2. I have heard this question is a result of a misunderstanding. The Church discouraged the reading of bad translations of the Bible and therefore people now think that meant that the Church discouraged reading from the Bible altogether. Obviously, as you point out, the Church does encourage Bible reading. During my confirmation, the Bishop pressed upon us to read the Bible 5 minutes a day. I admit I haven't been that dutiful until recently, but why would a Bishop tell us to read the Bible if the Church was saying otherwise?

  3. @Deltaflute:

    You're right! I didn't address that fact in my post, but it is a source of this myth about the Church and the Bible. Thank you for pointing that out.

  4. Landon for chapters, but credit for the versification apparently goes to Parisian printers on the suggestion of their cleric proofreaders who worked from numbered line proof sheets.

  5. Well I believe from what I have heard that the catholic church discourages personal interpretation of bible passages, that priests are neccesary for understanding, which is different than protestant beliefs

  6. @Tom:
    Thank you for your comment. However, the Catholic Church allows for personal interpretation of Scripture, and does not rely on priests alone for understanding Scripture.

  7. Furthermore, in order to restrain petulant spirits, It decrees, that no one, relying on his own skill, shall,--in matters of faith, and of morals pertaining to the edification of Christian doctrine, --wresting the sacred Scripture to his own senses, presume to interpret the said sacred Scripture contrary to that sense which holy mother Church,--whose it is to judge of the true sense and interpretation of the holy Scriptures,--hath held and doth hold; [Page 20] or even contrary to the unanimous consent of the Fathers; even though such interpretations were never (intended) to be at any time published. Contraveners shall be made known by their Ordinaries, and be punished with the penalties by law established.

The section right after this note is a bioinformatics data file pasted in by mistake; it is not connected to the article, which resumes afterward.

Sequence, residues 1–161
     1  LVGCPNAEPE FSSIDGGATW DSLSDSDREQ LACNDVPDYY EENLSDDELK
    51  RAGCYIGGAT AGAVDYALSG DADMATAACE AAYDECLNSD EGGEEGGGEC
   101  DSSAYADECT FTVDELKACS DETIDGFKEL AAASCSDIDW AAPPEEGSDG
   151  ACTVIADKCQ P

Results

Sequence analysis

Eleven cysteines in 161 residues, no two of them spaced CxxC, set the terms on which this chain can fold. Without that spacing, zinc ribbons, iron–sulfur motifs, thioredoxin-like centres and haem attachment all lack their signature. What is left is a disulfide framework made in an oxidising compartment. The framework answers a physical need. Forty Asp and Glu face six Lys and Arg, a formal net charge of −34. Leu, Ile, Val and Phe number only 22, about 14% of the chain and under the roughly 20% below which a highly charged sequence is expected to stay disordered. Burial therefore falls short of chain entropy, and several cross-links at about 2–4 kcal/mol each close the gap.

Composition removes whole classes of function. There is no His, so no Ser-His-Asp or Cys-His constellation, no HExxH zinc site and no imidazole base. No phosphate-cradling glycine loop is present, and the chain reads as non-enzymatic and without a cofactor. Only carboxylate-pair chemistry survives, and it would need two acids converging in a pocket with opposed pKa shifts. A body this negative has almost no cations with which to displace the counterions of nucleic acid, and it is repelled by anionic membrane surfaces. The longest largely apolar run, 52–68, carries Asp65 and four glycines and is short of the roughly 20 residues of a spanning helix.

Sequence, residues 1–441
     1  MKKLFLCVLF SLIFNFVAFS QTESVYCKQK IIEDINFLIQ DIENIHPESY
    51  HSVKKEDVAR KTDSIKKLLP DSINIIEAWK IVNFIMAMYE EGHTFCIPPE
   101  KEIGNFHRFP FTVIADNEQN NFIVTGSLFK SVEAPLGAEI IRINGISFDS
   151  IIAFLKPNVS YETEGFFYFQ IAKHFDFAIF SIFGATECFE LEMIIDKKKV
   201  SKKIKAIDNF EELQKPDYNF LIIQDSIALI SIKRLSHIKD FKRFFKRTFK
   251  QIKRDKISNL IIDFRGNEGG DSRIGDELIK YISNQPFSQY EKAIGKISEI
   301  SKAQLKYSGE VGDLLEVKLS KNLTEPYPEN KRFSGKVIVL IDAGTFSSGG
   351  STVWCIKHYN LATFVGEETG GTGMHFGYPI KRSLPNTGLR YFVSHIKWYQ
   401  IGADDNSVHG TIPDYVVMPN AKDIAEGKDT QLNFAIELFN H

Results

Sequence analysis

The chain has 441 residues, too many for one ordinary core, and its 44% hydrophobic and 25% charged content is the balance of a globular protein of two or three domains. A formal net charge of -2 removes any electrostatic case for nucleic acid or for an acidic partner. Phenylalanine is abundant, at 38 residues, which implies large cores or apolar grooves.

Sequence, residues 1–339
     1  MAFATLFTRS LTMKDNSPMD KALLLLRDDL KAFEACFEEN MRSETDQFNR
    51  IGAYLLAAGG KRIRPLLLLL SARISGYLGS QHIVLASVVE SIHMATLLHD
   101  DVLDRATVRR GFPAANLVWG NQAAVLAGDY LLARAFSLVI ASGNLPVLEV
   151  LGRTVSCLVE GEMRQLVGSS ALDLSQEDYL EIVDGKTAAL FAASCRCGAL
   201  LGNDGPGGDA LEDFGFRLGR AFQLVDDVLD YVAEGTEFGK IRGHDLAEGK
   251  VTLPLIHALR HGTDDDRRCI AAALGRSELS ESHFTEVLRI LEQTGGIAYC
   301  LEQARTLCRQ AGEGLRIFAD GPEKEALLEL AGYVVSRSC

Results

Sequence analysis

Council of Trent - Fourth Session. The priests (mother church) is necessary for interpration according to rome and the laity is not allowed to interpret on their own.

  8. @Anonymous:
    Please see my reply to your comment

  9. Vesna Primorac January16,2014 As i understand,Catholic Church encourages Bible reading.Teaching of the Church is guided byThe Holy Spirit (as Jesus promissed) and church magisterium makes sure the same interpretation of the Bible is correct,thoroughly studied all over the world in catholic seminaries and colleges to prevent "personal" interpretations which would bring confussion,missunderstanding,heresy,and unfortunate divisions of the Church(sects) as direct products of unwise "personal" interpretations.Sects would multiply by geometric progression and oldough they all would share some thruth, at the same time they would all contradict each other in the interpretions.Then, people will look for the catholic churches( sects) that fits their needs,wishes,moral standards etc....So,I think Catholic Church is doing it wisely by following tradition,knowlege and experience.It doesn't matter where are you going to the church,which city, country or continent' there is always same teaching .Since Jesus apostoles times.Amaizing!